In a scenario straight out of "Enhance, enhance!," MIT scientists have figured out that the tiny vibrations on ordinary objects like a potato chip bag or a glass of water or even a plant can be reconstructed into intelligible speech. All it takes is a camera and a snappy algorithm. Take a listen.
We've seen eavesdropping issues in Chrome before, like one exploit that lets sites ask for permission to the microphone, and then keeps listening long, long after. But now a new one discovered by Guy Aharonovsky goes a step further: it triggers listening with no permission, even if your microphone is completely…
Voice control is an awesomely futuristic way to control your technology like a spaceman, but only if you can trust it. So you might want to stay tight-lipped around Chrome; Google's browser has a dangerous security flaw that can let malicious sites eavesdrop on your every word.
It seems like every day brings a new "revelation" about Allied nations spying on other Allied nations. But while friends spying on friends might not be a huge surprise, the US is spending tons of money and brainpower trying to protect its sensitive conversations—in part, using portable security "tents."
Skype has long claimed to be "end-to-end encrypted", an architectural category that suggests conversations over the service would be difficult or impossible to eavesdrop upon, even given control of users' Internet connections. But Skype's 2005 independent security review admits a caveat to this protection: "defeat of…
Next Room is kind of like a mash up between a stethoscope, MP3 player and an old fashioned drinking glass. According to the product page, you can hear what is being said through wooden walls, doors, windows—even steel plates.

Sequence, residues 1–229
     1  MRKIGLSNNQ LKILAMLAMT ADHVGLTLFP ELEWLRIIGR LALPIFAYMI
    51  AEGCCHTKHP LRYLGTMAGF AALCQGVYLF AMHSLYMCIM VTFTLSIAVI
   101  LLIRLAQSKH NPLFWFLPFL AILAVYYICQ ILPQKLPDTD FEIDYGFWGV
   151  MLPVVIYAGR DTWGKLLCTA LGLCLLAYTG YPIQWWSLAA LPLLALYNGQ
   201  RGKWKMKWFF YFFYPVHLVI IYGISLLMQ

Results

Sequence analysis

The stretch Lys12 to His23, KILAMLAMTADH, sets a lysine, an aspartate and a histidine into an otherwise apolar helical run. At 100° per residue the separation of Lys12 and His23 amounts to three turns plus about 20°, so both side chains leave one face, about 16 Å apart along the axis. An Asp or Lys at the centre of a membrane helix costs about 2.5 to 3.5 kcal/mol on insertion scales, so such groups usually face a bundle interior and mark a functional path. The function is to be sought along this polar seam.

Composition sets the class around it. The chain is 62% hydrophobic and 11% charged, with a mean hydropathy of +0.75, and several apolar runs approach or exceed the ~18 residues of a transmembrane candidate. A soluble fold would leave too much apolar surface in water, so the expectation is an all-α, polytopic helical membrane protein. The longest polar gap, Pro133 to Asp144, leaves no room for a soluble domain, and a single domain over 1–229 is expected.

It's obvious to assume that your henpecking on a wireless keyboard could be intercepted by a RF-snooping ne'er-do-well, but what about your wired or laptop keyboard—that should be safe, right? Nope. Researchers at Lausanne, Switzerland's Security and Cryptography Laboratory (part of the EPFL school) have demonstrated…
"If we get bigger than 150, we might have to go with Airbus."
Fat White Guy: I shouldn't even give you coffee.
Handsome Gizmodo Writer: Who? Me?
FWG: Yes you, you guys wrote a story on the cookie lady but not the fat white guy serving coffee!
"Don't tell the bloggies anything!"
"Anybody lose a blackberry? Anybody?" There's some chuckling, but our man is persistent. "They may have two or three of these...not know it's missing."
"You've got to see this Japanese phone! He says it's indestructible! We don't know what it is. And he says the battery really lasts!"
Our experience with Bluetooth headsets tells us that you first have to place it into discoverable mode before any other device can connect to it, but this video claims otherwise.
For some reason, we're seeing a lot of spy gear making the rounds these days, and here's yet another, an eavesdropping device you can make yourself for less than $25. This guy has replaced the earpieces on a $10 stethoscope with condenser mics from a couple of cheap-ass multimedia microphones. Then it's no big deal to…
If you'd like to hear those mice crawling around in the walls, the Rechargeable M-7 Secret Agent Spy Ear is for you. Its earpiece is designed for stealth, letting you listen in on conversations across the room undetected. Just pop the wireless device into your ear and somehow you can hear better than ever.
President Bush defends domestic eavesdropping, so why shouldn't you? The Mobile Spy Ear, which completes Wild Planet's trifecta of kiddie 007 gadgets, is moveable car with a microphone that transmits sounds to an earbud from up to 75 feet away.